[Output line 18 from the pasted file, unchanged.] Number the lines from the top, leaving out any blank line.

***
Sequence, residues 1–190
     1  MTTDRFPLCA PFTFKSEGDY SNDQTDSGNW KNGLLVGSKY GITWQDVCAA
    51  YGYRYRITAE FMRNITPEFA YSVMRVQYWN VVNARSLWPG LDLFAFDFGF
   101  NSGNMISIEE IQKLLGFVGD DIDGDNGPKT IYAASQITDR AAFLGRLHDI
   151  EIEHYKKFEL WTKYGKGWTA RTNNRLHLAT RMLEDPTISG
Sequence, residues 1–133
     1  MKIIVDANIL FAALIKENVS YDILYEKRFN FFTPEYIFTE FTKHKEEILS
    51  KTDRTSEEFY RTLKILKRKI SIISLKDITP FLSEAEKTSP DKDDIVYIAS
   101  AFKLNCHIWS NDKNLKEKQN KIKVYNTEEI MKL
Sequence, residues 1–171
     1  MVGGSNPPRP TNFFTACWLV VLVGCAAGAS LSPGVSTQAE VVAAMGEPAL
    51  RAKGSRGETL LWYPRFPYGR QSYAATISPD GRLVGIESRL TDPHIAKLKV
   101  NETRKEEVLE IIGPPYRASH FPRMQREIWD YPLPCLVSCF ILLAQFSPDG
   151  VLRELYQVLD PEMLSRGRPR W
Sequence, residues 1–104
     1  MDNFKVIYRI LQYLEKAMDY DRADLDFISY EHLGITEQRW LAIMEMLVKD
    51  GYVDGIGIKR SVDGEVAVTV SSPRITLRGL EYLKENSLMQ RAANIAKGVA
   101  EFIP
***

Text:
   101  EFIP